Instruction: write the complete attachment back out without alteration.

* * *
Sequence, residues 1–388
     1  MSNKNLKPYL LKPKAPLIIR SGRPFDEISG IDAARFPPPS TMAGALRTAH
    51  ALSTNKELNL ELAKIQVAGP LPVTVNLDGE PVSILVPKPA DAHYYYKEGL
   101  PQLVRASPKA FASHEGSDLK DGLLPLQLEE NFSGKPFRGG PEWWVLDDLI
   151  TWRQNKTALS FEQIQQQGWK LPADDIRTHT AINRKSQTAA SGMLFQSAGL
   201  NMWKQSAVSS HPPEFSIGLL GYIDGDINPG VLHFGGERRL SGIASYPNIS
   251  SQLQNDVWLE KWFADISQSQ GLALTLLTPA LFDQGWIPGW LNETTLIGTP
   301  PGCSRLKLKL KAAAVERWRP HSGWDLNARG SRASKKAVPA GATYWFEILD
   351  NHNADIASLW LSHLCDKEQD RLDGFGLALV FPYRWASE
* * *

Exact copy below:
Sequence, residues 1–388
     1  MSNKNLKPYL LKPKAPLIIR SGRPFDEISG IDAARFPPPS TMAGALRTAH
    51  ALSTNKELNL ELAKIQVAGP LPVTVNLDGE PVSILVPKPA DAHYYYKEGL
   101  PQLVRASPKA FASHEGSDLK DGLLPLQLEE NFSGKPFRGG PEWWVLDDLI
   151  TWRQNKTALS FEQIQQQGWK LPADDIRTHT AINRKSQTAA SGMLFQSAGL
   201  NMWKQSAVSS HPPEFSIGLL GYIDGDINPG VLHFGGERRL SGIASYPNIS
   251  SQLQNDVWLE KWFADISQSQ GLALTLLTPA LFDQGWIPGW LNETTLIGTP
   301  PGCSRLKLKL KAAAVERWRP HSGWDLNARG SRASKKAVPA GATYWFEILD
   351  NHNADIASLW LSHLCDKEQD RLDGFGLALV FPYRWASE